The United States Marine Corps gave Sebastian a honourable mention in ‘Dispatches’ for“An outstanding cool head under fire” and was awarded a ‘Combat Citation’ 

Sebastian has just finished his second book ‘Where Fools Rush In’ ( The Death of News) 

Tools and Resources

Sebastian Rich website

Instagram Account Hopefocus

Book: Refugee is available here. 

Black Sexuality & Your Relationship with Your Skin

Black Sexuality & Your Relationship with Your Skin

In this  dialogue  James and I speak about our relationship with our skin. Skin is what we hold the closest to us and for some of us it becomes the most confusing and conflict-ridden relationship.

The most recent racially charged brutalities happened after the recording of this episode however since the systemic oppression towards the people of color and minorities is not a new concept, there are pearls of wisdom that could be taken away from our conversation to sooth pains and give us a vision for the future. James is a Professor and Chair of the Counseling and Human Services Master of Human Services department at Lincoln University, he is the author of multiple scholarly papers and books including Lost and Found and he is the founding member and executive editor of the journal of black sexuality and relationship which is a world-renowned resource for practitioners.

We talk about James’ personal journey as a black man which inspired his professional career to bridge distances and create harmony within various communities.


About Dr. James Wadley

Dr. James Wadley is Professor and Chair of the Counseling and Human Services Master of Human Services department at Lincoln University. As a scholar-practitioner, he is a licensed professional counselor and maintains a private practice in the States of Pennsylvania and New Jersey.

He is the founding editor of the scholarly, interdisciplinary journal, the Journal of Black Sexuality and Relationships (University of Nebraska Press). He is also the founder and Principal of the Association of Black Sexologists and Clinicians and his professional background in human sexuality education, educational leadership, and program development has enabled him to galvanize scholars and practitioners in the field of sexology across the world.

His research and publication interests include sexual decision making among young adults, masculinity development and conceptions of fatherhood by non-custodial fathers, and HIV/AIDS prevention. He has written undergraduate and graduate courses and authored twenty-two courses for the Master of Science in Counseling program for Lincoln University (PA). In addition, he recently co-authored thirteen doctoral level courses for the Theological Seminary of Puerto Rico. In 2015, Dr. Wadley earned his NBCC-International Mental Health Facilitator certification after spending time with Rwandan therapists discussing the impact of genocide and trauma in the early 1990’s. In 2016, he helped developed curricula and conducted a sexuality education course at the University of Muhimbili in Tanzania for the nursing and midwifery program. Later that year, he developed and taught an applied research methods course at Cape Peninsula University of Technology in Cape Town, South Africa. In 2017, Dr. Wadley’s work and advocacy domestically and abroad enabled him to complete his first documentary, Raw to Reel: Race, Drugs, and Sex in Trenton, New Jersey, which captures some of the challenges that emerge in addiction and recovery. Finally, in 2018, Dr. Wadley co-edited The Art of Sex Therapy Supervision (Routledge) which is a book devoted to the clinical experiences of supervisors and supervisees in the field of sex therapy. The book won AASECT’s 2019 Book of the Year Award. His new book, The Handbook of Sexuality Leadership: Inspiring Community Engagement, Social Empowerment, and Transformational Influence (Routledge) carves a new path for sexuality educators, counselors, and therapists in that it serves as an invitation for re-conceptualizing the consultative roles that sexuality professionals engage in.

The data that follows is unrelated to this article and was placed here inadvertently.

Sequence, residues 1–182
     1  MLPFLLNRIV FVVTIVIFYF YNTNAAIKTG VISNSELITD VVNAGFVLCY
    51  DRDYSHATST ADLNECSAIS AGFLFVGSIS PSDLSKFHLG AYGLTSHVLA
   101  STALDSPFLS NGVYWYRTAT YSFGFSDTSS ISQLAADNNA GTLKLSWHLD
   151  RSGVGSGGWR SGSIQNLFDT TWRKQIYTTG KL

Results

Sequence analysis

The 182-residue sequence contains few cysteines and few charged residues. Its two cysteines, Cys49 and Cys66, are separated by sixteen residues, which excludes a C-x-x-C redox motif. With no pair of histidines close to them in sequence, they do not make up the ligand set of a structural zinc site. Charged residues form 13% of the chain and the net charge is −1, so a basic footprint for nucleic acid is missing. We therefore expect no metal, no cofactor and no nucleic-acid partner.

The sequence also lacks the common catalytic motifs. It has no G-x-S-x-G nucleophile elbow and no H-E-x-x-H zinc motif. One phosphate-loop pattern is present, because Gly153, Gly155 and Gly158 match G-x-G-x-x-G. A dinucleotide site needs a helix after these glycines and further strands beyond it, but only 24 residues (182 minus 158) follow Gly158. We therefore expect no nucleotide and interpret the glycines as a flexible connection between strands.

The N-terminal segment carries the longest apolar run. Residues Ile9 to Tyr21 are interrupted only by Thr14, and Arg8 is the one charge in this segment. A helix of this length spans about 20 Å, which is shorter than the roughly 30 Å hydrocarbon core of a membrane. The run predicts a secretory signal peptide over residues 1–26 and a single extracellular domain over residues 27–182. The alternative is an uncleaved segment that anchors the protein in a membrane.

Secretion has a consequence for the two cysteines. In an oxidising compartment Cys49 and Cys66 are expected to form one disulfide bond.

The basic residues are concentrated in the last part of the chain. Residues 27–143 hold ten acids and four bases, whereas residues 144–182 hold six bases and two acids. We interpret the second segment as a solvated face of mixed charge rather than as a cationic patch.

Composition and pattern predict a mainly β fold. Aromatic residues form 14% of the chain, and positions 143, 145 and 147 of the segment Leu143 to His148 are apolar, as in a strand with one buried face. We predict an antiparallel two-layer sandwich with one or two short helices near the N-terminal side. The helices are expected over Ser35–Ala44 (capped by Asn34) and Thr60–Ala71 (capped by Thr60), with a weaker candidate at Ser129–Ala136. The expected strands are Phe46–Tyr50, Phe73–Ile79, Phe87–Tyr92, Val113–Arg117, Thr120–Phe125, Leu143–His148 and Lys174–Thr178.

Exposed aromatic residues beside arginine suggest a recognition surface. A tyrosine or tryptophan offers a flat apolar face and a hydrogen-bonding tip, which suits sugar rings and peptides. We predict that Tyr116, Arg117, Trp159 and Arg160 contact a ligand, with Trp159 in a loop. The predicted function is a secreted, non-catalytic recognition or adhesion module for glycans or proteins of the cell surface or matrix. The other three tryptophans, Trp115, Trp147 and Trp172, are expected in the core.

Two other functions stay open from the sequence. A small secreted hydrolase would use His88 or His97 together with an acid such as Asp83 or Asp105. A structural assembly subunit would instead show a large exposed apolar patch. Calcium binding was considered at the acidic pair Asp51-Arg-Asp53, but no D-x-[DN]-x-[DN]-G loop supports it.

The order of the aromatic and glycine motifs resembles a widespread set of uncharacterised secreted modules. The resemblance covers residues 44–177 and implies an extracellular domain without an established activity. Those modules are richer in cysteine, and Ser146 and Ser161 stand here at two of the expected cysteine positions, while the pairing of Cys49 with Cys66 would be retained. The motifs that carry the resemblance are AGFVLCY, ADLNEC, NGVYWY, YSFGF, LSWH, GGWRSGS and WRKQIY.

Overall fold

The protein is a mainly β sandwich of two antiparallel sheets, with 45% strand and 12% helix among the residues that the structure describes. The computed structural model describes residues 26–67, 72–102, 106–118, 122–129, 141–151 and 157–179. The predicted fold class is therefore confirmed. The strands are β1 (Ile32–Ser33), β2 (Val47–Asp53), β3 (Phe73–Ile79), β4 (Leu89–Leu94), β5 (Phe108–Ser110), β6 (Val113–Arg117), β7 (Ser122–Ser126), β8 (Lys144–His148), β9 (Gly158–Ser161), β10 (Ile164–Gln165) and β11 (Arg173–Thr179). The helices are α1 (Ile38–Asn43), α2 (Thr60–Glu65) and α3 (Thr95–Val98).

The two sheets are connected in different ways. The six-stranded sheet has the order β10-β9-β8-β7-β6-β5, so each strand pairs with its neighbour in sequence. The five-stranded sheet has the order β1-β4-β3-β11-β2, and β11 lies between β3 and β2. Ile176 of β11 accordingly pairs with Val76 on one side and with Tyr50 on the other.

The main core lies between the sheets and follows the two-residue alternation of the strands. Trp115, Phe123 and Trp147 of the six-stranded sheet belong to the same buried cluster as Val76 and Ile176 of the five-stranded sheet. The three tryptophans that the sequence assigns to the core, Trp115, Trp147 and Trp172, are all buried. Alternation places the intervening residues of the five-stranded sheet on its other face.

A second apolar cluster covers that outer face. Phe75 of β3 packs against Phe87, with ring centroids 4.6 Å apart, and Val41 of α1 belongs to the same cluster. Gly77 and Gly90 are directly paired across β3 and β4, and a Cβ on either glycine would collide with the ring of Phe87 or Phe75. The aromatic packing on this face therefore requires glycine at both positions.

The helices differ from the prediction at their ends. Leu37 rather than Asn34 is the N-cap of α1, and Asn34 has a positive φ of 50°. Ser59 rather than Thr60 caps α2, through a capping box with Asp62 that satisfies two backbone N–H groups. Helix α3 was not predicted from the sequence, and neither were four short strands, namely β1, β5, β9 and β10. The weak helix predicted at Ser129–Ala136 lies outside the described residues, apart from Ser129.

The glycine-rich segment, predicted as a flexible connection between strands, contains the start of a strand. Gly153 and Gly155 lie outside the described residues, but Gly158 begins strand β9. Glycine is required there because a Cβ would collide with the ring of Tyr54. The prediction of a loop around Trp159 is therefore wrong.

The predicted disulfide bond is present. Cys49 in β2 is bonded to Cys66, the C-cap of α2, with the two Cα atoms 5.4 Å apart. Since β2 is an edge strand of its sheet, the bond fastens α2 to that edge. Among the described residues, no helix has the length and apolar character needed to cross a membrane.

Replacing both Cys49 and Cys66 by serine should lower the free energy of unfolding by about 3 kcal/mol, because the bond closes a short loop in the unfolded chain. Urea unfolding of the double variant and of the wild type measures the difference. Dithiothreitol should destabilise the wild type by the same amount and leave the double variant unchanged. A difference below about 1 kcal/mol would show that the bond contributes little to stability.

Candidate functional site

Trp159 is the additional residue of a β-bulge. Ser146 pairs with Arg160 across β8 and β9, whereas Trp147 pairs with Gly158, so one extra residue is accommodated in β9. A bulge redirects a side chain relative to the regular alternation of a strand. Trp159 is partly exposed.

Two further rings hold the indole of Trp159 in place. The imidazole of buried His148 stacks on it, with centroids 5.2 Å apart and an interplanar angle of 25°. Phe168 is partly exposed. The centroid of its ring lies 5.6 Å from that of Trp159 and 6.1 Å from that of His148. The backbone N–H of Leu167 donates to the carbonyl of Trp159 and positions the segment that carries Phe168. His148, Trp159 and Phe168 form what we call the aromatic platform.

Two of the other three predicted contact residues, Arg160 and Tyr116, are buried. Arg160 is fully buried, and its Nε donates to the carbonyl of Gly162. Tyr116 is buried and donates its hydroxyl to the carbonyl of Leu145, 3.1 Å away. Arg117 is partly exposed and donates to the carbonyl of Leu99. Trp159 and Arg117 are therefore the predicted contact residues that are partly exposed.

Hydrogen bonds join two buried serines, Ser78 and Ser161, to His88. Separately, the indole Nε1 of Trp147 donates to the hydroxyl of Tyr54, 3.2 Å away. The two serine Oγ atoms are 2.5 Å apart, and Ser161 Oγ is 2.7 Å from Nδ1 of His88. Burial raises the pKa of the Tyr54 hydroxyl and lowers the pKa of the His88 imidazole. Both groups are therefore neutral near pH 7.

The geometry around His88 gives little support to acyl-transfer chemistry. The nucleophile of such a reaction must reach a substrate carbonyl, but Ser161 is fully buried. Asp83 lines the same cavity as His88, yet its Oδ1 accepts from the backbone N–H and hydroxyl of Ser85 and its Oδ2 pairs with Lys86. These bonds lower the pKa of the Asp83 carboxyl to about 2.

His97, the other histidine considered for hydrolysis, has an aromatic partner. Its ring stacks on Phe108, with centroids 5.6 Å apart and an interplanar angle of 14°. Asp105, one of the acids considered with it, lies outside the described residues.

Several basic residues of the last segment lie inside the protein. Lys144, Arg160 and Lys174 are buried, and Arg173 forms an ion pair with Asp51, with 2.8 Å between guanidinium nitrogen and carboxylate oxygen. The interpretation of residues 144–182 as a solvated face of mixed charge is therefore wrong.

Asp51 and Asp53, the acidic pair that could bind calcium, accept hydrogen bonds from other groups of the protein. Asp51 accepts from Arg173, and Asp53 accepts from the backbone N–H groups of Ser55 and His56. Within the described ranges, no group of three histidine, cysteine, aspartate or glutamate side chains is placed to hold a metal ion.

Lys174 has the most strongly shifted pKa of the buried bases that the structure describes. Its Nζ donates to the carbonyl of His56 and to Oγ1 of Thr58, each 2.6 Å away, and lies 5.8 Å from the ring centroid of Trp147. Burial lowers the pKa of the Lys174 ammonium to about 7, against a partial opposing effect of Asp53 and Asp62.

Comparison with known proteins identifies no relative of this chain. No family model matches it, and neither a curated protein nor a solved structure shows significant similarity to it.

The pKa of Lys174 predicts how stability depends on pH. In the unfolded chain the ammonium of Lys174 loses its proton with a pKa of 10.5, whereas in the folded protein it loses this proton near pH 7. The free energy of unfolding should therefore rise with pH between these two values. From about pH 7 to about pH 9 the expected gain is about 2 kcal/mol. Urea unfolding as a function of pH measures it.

Dr. Wadley received his Doctorate of Philosophy degree in Education from the University of Pennsylvania with a concentration in Educational Leadership and Human Sexuality Education. He earned a Master of Science in Education degree in School Psychology from the University of Kentucky after completing his B.A. in Psychology from Hampton University. Finally, he holds a clinical postgraduate certificate from Thomas Jefferson University/Council for Relationships in Philadelphia and is an AASECT Certified Sex Therapist Supervisor. These credentials and a wealth of domestic and international clinical experiences, has catapulted him to be one of the nation’s best marriage, family, and sexuality clinicians.